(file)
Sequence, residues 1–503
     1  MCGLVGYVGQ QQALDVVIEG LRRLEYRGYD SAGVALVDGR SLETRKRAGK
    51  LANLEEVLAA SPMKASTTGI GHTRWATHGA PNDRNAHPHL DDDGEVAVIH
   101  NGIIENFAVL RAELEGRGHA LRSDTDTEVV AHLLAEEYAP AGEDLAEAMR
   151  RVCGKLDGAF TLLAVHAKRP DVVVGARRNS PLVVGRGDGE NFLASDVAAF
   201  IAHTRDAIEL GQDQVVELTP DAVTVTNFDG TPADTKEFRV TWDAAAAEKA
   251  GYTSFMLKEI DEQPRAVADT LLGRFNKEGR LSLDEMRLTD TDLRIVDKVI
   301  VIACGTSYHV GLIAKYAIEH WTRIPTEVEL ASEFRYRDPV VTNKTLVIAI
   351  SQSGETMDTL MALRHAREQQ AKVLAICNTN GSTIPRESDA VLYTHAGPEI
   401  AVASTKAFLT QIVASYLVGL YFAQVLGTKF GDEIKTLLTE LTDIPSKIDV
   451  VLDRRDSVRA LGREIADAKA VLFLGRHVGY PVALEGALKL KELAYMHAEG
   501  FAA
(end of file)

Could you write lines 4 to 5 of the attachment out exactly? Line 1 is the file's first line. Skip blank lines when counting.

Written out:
   101  NGIIENFAVL RAELEGRGHA LRSDTDTEVV AHLLAEEYAP AGEDLAEAMR
   151  RVCGKLDGAF TLLAVHAKRP DVVVGARRNS PLVVGRGDGE NFLASDVAAF